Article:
Hemisphere asymmetries in schizophrenia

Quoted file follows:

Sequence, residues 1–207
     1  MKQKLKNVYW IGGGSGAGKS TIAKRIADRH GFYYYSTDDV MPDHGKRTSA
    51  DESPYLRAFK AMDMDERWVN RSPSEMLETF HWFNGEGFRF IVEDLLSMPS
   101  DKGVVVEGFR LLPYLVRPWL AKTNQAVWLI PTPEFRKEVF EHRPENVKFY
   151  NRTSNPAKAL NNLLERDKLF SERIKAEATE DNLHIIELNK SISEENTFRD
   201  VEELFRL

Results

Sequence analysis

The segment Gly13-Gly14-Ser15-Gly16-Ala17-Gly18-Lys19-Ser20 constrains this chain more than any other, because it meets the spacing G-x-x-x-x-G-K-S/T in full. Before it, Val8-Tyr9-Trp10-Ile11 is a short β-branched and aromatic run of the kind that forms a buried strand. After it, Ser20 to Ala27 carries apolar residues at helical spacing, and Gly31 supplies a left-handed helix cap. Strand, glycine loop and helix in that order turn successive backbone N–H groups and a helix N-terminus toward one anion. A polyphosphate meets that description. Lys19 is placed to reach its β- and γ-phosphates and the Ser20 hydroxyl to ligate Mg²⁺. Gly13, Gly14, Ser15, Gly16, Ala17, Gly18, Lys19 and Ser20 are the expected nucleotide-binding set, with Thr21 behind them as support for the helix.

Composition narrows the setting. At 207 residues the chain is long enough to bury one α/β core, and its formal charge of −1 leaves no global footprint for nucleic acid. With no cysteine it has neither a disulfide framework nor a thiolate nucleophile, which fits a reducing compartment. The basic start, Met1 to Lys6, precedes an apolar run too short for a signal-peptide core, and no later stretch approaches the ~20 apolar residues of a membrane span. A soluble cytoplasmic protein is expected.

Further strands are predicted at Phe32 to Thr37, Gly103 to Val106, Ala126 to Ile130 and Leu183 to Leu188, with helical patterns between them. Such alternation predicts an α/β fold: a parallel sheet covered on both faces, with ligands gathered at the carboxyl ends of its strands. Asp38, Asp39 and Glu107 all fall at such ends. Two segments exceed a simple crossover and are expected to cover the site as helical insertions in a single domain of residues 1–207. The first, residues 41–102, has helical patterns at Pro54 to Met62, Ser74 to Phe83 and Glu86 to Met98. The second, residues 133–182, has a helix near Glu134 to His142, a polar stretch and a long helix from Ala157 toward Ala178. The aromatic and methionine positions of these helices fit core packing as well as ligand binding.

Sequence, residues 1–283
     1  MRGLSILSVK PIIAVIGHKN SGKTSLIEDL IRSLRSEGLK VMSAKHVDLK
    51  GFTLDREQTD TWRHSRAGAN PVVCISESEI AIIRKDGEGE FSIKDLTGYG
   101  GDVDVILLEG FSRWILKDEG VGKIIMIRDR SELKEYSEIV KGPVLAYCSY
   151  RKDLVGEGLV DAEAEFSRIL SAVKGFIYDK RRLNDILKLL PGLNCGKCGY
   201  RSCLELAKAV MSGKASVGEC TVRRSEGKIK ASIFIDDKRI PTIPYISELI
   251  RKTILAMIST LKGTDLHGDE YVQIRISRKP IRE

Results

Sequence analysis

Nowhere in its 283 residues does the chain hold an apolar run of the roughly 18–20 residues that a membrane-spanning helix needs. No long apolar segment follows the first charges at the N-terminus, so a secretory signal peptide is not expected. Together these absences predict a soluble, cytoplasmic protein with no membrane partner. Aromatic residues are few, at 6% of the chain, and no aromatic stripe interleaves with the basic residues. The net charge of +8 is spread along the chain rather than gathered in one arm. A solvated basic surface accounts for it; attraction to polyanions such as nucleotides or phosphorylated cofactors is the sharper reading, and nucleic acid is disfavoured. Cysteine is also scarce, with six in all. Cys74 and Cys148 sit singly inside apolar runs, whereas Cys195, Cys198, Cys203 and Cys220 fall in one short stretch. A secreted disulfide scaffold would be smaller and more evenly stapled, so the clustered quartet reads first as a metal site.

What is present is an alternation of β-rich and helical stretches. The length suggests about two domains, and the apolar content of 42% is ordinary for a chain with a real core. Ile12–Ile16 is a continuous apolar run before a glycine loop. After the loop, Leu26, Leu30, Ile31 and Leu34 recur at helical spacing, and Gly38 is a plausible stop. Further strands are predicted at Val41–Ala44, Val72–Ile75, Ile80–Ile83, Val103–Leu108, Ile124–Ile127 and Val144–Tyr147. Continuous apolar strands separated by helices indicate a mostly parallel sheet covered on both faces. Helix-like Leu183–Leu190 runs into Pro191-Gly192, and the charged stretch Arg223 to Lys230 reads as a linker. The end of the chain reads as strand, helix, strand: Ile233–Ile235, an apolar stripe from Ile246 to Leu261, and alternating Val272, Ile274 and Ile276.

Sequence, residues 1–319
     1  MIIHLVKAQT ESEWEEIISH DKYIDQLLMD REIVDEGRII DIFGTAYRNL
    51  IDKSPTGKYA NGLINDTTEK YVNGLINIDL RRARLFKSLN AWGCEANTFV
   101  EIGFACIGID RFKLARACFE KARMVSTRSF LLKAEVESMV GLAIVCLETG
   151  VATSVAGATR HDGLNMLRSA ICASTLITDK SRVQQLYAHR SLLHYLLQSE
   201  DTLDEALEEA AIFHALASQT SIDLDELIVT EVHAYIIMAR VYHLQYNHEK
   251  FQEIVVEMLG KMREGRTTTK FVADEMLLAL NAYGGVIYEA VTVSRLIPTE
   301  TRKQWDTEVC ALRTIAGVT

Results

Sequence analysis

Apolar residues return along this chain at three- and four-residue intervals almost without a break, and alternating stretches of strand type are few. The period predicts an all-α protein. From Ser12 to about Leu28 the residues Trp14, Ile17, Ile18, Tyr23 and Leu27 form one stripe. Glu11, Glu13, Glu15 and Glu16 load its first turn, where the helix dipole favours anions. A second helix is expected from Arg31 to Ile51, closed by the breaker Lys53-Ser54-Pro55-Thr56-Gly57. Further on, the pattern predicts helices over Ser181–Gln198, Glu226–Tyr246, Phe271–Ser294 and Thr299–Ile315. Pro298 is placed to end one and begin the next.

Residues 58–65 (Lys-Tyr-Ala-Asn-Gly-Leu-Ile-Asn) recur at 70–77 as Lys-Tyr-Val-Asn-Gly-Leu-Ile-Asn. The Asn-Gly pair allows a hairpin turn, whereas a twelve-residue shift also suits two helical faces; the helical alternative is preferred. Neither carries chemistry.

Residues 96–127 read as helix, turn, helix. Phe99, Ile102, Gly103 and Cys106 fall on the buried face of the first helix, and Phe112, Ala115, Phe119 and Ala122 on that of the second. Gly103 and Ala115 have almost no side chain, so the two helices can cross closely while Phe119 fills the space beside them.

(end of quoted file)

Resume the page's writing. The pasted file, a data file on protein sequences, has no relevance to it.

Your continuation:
Previous research into everyday conception of personal relationships has been sparse and fragmented, and the various specialisms fail to deal with the broader issue of interpersonal understanding. Following review of the research and theoretical background, with particular reference to changing paradigms, a holistic approach is proposed for an exploration linking the content of explanation and reflection about relationships with the incidence of conceptualising. The methodology, employing content analysis, illustrative studies and a musical analogue, is outlined. Initially focusing on verbalised conception in the form of accounts, a procedure of 'simulated correspondence with a confidant' was employed to facilitate unrestricted disclosures in general descriptions of relationships. Three coding schemes were devised for content analysis of accounts (and for independent use in subsequent research). These pertained to: (1) specific concepts and themes; (2) explanation of interpersonal effect and significance; and (3) intersubjectivity in accounts. Overall indications from the content analyses are that accounts are characterised by superficiality of detail and insight, and concentrate more on basic viability, and on social and visible aspects of personal relationships than on intimate and psychological aspects. The limitations of content analysis, and the deficiencies disclosed, suggest attention should be given to omission in content as much as inclusion, and also to the prior issues of motivation and the extent of relationship "mindfulness". A musical analogy (with particular reference to representation, knowledge and appreciation) is employed to advance the exploration beyond the linguistic aspects of conception to a more general model of relationship awareness. A second set of studies turn to (1) the frequency and occasioning of reflection on relationships; (2) reappraisal over time; (3) interest in relationships compared with other subjects of general interest; and (4) factors which disincline conscious relationship deliberation and analysis. There are indications throughout of a sex difference, with men as less reflective, less inclined to participate in providing accounts, and less interested in personal relationships. Disincentives are suggested, and a theory of 'relationship mindlessness' is discussed, connecting impoverishment of content and incidence with the late emergence of 'personal relationships' as a subject of formal scholarly enquiry in psychology. It is proposed that such mindlessness, and associated disincentives, are implicated in relationship problems, and that extension of relationship education, knowledge and interest are indicated. The practicalities and possible form of learning about relationships and consciousness-raising were explored in a trial relationship understanding course. Counter-indicat ions for such consciousness-raising were evaluated by analogy with music appreciation.